My significant other and I share just about everything - groceries, bills, rent, household expenses, a couch payment - but we don't share a checking account. For some, it works, but for us, it's easier to keep our accounts separate. While there are many plus sides to joining accounts, there are also a few downsides to consider before merging your funds into a joint checking account.
First of all, what is a joint checking account? It's an account (obviously), where you deposit money (again, obviously), where both people on the account can contribute, and have equal rights to use the funds it holds. It's a checking account for two, not only for couples, it can also be good for parents and their teenagers, or kids and their aging parents.
- Shared expenses.
- Equal contribution.
- Easier to track spending/contributions for each partner.
- Joined financial management.
- Loss of privacy.
- Spending on the account can't be controlled by either partner, so one person could drain the account.
- A partner could overdraw the account, meaning potential fees for which both partners are responsible.
- If one partner has unpaid debts, creditors can pursue money in the account for settlements.
Obviously having a joint account requires trust between partners. If you both feel confident with each other's spending habits, joining accounts may be a good idea. On the other hand, it won't hurt to wait. There are other ways of "joining accounts," or joining funds without opening a joint checking account.
DON'T BECOME THE SOLE CONTRIBUTOR
Sharing expenses means that both partners contribute equally, and spend the funds on shared expenses, unless you have other agreed upon terms. If you're worried about it, talk to your partner first. Here are a few tips to make sure that both sides participate equally.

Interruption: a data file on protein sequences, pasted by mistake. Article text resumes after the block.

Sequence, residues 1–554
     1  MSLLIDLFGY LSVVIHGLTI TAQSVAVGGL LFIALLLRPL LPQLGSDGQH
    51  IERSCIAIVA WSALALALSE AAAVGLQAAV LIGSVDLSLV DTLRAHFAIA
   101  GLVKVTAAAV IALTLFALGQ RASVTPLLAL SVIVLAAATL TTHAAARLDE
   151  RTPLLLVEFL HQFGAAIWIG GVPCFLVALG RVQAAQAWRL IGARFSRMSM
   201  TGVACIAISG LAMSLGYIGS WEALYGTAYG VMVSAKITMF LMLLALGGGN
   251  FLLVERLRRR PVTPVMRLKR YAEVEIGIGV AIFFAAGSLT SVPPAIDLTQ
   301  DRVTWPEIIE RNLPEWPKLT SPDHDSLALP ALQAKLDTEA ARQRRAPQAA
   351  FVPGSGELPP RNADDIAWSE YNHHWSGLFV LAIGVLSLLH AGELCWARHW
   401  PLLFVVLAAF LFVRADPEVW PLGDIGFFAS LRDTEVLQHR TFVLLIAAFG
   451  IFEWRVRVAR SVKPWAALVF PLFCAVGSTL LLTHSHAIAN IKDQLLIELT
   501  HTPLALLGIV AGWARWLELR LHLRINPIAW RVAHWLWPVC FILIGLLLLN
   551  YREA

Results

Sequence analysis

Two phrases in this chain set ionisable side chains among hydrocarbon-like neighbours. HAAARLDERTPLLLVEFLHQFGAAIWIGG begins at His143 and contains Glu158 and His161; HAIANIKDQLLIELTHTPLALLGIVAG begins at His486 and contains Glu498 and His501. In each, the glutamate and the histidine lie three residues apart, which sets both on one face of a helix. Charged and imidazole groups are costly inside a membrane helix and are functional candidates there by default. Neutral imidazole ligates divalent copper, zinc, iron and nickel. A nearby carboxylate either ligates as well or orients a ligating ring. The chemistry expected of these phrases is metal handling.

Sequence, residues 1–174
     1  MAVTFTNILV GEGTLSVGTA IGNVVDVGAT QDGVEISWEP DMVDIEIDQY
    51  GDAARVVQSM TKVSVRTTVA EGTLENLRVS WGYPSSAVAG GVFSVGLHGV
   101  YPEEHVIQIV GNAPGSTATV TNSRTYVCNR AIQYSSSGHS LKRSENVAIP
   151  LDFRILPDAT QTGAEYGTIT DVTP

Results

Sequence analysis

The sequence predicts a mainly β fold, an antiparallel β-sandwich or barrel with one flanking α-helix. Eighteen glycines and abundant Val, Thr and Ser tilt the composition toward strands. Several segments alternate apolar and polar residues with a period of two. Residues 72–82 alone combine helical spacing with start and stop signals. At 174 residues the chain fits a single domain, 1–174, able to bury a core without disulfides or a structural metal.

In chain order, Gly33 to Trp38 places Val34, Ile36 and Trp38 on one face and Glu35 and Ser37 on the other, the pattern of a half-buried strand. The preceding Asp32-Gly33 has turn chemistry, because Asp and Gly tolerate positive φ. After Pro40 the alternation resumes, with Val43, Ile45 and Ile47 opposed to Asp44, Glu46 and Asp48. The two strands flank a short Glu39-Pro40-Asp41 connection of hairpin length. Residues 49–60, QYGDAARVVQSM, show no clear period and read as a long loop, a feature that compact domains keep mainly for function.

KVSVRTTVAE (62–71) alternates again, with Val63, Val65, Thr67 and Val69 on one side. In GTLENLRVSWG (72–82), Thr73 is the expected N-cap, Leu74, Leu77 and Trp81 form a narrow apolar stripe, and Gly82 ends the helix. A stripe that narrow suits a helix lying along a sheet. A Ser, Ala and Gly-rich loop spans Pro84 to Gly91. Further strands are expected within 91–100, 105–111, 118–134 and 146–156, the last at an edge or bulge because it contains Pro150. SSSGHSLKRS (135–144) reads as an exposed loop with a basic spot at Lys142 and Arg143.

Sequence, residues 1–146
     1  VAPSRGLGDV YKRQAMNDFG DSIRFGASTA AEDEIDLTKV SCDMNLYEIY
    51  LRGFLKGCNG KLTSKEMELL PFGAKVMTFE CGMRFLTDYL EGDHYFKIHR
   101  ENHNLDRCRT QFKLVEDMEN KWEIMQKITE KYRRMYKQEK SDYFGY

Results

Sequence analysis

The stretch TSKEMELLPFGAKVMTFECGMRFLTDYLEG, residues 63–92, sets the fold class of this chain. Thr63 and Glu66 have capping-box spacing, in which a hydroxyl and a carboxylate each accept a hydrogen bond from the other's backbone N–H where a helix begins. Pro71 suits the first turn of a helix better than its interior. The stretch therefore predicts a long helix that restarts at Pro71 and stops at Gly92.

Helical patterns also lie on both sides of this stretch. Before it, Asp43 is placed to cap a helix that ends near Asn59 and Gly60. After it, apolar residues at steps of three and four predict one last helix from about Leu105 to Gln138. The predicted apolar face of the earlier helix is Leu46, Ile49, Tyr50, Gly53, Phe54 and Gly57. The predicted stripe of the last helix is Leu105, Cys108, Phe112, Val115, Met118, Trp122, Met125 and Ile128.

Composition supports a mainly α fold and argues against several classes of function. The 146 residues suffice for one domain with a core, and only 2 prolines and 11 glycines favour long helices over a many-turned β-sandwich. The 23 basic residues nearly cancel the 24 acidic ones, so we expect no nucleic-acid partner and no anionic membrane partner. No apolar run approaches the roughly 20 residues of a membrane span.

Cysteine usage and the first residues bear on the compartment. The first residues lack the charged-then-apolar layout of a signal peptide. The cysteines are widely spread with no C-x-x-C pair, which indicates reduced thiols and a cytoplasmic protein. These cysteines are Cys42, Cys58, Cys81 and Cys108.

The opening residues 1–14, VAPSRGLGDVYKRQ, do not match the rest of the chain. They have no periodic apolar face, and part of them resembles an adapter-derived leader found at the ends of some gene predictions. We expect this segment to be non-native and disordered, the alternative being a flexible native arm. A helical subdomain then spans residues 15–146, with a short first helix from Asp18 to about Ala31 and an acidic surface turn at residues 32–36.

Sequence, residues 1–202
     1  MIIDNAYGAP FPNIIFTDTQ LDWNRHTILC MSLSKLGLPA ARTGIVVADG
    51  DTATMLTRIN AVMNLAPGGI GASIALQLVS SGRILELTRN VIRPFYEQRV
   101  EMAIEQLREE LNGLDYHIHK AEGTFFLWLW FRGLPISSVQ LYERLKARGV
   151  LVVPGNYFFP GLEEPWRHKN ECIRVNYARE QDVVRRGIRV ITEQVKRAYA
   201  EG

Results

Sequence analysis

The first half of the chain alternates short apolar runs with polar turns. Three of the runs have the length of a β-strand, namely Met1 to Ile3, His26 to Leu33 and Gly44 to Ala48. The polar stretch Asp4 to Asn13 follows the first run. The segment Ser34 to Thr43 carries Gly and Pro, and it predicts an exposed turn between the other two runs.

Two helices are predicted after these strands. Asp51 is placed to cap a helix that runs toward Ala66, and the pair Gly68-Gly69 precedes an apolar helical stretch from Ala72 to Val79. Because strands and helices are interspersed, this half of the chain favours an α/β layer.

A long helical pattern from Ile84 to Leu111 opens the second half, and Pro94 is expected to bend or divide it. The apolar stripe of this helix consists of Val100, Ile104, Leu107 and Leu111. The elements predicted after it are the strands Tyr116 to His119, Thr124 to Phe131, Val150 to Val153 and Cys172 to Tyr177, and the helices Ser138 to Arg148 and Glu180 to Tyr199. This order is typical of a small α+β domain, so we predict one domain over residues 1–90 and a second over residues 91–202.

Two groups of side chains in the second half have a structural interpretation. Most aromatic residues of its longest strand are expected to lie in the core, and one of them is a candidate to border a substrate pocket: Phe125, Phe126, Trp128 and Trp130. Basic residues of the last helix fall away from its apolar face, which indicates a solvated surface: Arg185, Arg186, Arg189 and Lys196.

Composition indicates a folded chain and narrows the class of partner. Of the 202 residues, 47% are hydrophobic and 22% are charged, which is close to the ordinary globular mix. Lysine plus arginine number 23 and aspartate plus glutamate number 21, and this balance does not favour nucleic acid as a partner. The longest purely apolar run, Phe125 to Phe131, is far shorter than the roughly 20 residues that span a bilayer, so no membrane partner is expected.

- Set a date every month where you will both contribute equal funds.
- Set the rules before you open an account. For example: decide the bills and expenses that will be paid with funds from the account.
- Set spending limits, and determine who is doing the shopping or bill-paying. If you don't have automatic transfers established for bill pay, figure out who will pay the bill that month. Having two people paying the bills, or grocery shopping, may mean that you pay twice, or overdraw on your account. Neither of which is a good thing, and can be avoided by communicating with your partner.
- Respect each other (no shopping sprees or revenge buys). It could put you both into an uncomfortable or even difficult financial situation. Remember, you're both responsible for the account.
- Keep track of spending. With online banking, it's super easy to check the activity in the account. Keep an eye on who is spending what, and how the funds are being used.
- Talk about it. Open communication about who is buying, spending, and contributing, can help to ease any sense of worry.
- You're both responsible. If you overdraw on your account (spend more than you have), you may be charged a fee. Having both people on the account means that both are responsible.
- Have a plan for ending the account. If you and your significant other decide to end your relationship, having a plan for ending the joint account beforehand will eliminate hard feelings or questions about how to handle the funds in the account.
Sharing an account is a big deal, and there are certainly other ways to share expenses without opening a joint checking account. Make sure that you both understand the pros and cons, and that you are ready to merge your funds.